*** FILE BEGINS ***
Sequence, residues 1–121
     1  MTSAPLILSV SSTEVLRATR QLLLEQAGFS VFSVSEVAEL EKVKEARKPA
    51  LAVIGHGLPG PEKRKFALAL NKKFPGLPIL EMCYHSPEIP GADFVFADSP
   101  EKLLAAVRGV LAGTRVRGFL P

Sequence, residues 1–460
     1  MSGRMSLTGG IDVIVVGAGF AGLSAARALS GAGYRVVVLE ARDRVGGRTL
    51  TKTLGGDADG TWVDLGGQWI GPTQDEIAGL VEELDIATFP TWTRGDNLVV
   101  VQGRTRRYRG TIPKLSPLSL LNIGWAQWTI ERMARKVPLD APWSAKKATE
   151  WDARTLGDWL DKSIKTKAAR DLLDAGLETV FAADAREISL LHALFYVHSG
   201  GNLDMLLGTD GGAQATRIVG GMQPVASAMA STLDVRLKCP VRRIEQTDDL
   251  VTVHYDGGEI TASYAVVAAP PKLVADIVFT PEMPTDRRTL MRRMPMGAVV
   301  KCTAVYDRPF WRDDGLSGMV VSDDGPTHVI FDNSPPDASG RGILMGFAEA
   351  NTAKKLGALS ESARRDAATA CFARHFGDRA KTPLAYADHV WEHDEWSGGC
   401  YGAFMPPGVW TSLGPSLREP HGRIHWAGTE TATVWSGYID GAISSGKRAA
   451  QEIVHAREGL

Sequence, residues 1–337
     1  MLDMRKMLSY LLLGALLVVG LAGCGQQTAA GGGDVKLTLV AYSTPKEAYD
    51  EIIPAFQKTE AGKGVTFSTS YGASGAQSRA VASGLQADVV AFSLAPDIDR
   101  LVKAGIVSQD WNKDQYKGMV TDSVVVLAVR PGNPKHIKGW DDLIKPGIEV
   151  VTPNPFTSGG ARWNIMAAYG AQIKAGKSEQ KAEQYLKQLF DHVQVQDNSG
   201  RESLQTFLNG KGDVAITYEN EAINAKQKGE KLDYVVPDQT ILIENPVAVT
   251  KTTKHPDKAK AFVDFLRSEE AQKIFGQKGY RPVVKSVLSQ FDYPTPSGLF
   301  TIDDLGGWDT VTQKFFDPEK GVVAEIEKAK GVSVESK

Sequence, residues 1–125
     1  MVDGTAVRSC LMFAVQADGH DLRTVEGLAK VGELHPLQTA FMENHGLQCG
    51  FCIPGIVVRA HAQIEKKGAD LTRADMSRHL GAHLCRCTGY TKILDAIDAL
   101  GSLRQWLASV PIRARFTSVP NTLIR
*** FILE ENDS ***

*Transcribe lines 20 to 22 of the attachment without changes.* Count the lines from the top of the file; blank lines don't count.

   151  VTPNPFTSGG ARWNIMAAYG AQIKAGKSEQ KAEQYLKQLF DHVQVQDNSG
   201  RESLQTFLNG KGDVAITYEN EAINAKQKGE KLDYVVPDQT ILIENPVAVT
   251  KTTKHPDKAK AFVDFLRSEE AQKIFGQKGY RPVVKSVLSQ FDYPTPSGLF